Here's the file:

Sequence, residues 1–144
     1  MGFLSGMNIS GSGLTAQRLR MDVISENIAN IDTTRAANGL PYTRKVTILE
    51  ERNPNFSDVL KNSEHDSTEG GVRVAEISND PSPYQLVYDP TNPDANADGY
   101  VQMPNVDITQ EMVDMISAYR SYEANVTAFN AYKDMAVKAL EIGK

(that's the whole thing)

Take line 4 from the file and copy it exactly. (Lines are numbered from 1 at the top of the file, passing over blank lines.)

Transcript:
   101  VQMPNVDITQ EMVDMISAYR SYEANVTAFN AYKDMAVKAL EIGK